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U-M Researchers: People Who Volunteer Live Longer

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Salvation Army volunteers collect donations to help earthquake victims. (Getty Images/File)

Salvation Army volunteers collect donations to help earthquake victims. (Getty Images/File)

CBS Detroit (con't)

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ANN ARBOR (WWJ) - People who volunteer because they want to help others live longer than people who don’t volunteer at all, University of Michigan researchers found. But those who volunteer mainly for some sort of personal benefit live no longer than non-volunteers on average.

Sara Konrath, lead author of the study and a social psychologist at the U-M Institute for Social Research, said researchers have known for some time that volunteering can have benefits not just to the people receiving help, but also to those who give their time and energy.

Through their research, Konrath and her team discovered that although volunteering seems to be a selfless act on the surface people volunteer for a wide range of reasons, from getting out of the house and meeting new people to doing something good for people who need help and groups they support.

For the study, the research team analyzed data from the Wisconsin Longitudinal Study, which follows a random sample of Wisconsin high school students who graduated in 1957. The data used in the analysis were collected in 2004 and included 3,376 men and women who were about 65 years old at the time.

Overall, they found that 57 percent of those surveyed reported doing at least some volunteer work in the past 10 years.

Participants were contacted again four years later, in 2008. Researchers found that just 2.3 percent of the volunteers had died, compared to 4.3 percent of non-volunteers. They further found that how much people volunteered mattered as well—only 1.8 percent of regular volunteers were deceased, compared with 2.5 percent of occasional volunteers. Mortality risk was reduced even more for each hour older adults volunteered per month.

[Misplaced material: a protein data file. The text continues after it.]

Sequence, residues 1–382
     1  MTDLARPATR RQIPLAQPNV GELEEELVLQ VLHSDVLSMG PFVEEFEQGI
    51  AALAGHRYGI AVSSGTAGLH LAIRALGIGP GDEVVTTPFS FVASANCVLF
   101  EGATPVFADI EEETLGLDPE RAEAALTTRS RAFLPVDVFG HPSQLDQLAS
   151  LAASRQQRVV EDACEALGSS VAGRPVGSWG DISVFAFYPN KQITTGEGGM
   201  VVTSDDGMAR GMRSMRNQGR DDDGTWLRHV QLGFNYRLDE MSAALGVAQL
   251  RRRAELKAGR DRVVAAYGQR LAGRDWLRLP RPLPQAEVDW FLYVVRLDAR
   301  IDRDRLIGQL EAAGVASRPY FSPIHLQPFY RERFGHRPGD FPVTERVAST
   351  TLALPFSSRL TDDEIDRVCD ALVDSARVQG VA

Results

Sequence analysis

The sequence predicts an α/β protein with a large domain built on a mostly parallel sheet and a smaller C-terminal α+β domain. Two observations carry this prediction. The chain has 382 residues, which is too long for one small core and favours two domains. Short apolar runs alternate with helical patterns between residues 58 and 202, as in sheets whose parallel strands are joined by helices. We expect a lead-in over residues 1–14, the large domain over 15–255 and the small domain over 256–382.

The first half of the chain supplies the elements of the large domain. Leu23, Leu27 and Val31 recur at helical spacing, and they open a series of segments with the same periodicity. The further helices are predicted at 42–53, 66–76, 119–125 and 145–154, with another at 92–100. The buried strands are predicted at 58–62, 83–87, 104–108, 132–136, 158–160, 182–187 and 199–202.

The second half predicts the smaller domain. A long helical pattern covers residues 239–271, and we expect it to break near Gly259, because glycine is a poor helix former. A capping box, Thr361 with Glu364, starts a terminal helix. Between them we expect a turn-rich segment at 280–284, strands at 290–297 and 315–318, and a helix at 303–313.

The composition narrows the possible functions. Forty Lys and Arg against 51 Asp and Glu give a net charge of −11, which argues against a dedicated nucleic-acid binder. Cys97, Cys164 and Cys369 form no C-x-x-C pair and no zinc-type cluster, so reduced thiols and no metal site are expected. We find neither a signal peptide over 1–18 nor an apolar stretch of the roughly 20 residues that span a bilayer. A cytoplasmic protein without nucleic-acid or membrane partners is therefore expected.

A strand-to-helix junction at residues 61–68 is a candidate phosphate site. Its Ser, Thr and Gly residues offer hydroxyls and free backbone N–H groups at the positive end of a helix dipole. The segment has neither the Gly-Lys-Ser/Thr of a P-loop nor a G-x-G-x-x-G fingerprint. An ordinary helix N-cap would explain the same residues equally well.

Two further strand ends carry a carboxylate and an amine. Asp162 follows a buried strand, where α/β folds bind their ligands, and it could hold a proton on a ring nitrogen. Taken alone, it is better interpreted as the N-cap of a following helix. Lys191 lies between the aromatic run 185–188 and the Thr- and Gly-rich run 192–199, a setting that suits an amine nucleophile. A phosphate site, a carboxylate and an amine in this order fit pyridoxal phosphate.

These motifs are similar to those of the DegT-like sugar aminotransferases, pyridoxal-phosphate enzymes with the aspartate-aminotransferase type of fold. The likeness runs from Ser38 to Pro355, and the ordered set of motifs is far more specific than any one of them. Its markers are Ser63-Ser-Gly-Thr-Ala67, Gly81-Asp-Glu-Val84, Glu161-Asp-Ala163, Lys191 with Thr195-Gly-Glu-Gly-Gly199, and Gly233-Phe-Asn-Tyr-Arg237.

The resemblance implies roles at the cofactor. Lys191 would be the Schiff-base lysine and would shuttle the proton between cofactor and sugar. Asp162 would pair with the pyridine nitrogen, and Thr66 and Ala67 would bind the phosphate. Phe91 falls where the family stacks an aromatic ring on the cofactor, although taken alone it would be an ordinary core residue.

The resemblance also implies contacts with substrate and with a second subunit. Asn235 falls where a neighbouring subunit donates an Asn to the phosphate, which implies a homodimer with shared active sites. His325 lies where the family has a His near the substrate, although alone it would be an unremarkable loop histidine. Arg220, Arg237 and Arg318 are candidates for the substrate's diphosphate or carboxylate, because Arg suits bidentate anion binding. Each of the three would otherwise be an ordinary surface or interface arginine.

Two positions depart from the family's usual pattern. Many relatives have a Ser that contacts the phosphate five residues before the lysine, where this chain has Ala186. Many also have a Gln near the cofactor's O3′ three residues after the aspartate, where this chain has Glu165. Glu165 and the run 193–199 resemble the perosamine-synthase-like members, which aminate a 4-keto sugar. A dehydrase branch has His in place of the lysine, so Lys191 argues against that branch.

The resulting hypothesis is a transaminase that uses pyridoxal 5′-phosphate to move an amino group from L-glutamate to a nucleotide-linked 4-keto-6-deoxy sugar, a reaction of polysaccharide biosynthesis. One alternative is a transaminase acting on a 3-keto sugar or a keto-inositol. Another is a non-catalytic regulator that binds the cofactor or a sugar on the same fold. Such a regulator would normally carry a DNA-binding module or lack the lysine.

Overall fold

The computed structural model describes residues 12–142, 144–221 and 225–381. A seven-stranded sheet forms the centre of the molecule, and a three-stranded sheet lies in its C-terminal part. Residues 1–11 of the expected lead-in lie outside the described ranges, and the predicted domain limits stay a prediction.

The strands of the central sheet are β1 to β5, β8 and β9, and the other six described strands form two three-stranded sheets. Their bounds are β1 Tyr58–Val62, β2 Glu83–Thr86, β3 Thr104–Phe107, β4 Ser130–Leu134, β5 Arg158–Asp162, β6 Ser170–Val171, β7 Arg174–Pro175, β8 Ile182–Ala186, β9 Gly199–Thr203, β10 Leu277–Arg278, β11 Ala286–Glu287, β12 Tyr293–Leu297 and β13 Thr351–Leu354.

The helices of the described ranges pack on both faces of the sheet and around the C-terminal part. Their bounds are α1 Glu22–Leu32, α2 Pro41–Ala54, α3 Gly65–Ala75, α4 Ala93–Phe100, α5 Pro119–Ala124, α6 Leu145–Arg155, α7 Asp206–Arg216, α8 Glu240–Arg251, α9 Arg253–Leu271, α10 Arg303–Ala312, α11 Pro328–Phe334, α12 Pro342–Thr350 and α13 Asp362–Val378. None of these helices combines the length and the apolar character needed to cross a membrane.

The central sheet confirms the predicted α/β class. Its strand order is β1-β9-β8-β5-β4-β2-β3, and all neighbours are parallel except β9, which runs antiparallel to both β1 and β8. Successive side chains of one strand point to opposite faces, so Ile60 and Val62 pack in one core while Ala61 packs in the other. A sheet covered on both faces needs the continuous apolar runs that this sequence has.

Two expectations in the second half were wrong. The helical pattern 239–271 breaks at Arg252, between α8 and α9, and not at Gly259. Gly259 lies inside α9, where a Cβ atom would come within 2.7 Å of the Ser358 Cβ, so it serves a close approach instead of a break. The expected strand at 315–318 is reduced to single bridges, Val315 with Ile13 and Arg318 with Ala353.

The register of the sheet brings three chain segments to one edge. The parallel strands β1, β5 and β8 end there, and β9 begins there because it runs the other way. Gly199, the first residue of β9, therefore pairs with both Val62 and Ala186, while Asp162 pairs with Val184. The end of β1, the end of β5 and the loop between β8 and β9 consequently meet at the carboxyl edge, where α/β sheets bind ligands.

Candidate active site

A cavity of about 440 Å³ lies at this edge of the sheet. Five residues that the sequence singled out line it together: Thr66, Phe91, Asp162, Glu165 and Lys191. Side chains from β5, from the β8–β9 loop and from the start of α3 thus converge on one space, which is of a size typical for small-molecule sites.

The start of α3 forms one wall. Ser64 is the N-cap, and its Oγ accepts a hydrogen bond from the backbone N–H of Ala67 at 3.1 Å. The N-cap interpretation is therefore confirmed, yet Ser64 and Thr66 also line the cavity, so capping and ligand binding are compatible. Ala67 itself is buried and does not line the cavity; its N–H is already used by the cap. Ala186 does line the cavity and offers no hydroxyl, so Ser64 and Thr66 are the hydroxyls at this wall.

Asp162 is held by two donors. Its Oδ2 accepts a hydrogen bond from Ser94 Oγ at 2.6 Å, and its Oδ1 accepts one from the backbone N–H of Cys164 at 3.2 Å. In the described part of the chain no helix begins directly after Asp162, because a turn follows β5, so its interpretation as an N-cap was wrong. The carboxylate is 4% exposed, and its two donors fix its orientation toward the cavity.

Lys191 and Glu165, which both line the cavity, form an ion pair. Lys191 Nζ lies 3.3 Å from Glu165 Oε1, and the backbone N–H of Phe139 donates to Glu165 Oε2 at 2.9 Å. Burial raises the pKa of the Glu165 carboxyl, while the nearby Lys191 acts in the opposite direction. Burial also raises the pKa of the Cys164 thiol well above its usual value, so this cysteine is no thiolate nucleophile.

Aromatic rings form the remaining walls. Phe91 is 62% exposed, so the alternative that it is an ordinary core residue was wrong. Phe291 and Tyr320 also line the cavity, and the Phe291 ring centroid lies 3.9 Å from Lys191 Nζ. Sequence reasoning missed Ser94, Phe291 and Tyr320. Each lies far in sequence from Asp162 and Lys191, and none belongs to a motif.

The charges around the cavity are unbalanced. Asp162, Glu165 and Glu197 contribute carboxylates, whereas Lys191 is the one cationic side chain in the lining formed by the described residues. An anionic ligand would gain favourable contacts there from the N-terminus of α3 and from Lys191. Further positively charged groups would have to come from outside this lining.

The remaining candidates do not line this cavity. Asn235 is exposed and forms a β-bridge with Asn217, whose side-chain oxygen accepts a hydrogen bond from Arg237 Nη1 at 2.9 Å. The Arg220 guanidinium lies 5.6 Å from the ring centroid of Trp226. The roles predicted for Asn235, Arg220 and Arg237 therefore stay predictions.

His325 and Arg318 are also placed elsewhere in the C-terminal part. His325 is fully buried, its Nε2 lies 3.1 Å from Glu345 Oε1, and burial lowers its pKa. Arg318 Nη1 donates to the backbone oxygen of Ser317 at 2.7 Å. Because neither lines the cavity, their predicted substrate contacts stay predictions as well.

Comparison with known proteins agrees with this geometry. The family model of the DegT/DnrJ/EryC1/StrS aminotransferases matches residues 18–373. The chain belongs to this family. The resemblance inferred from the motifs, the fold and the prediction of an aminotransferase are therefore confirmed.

But what really made a difference were people’s motives for volunteering. Even after controlling for confounding variables that might affect mortality, such as physical health, the researchers found that motives for volunteering still have an effect on mortality.

People rated how important they found various reasons for volunteering, and the more important they rated other-oriented reasons, the more likely they were to be alive after four years. These reasons included feeling compassion for people in need or because it was important to their loved ones.

Those who rated motives related to personal benefit as more important were marginally more likely to have died after four years. In fact, those who volunteered for personal benefits were just as likely to die as those who didn’t volunteer at all, the researchers found. These reasons included volunteering because they enjoyed the social contact, to get out of the house, to escape their own problems, or to explore their own strengths.

Konrath said their analysis demonstrates the importance of motives when considering the health benefits of volunteering. She said basically, volunteering buffers the stress of caregiving and promotes well-being.

Konrath said the current finding suggests it may be a poor idea to encourage people to volunteer because it’s good for them. She said it’s reasonable for volunteers to expect some benefits for themselves, but it’s ironic that the potential health benefits of volunteering are significantly reduced if self-benefit becomes a person’s main motive.

The researchers plan to conduct future research to examine this idea in relation to volunteering.

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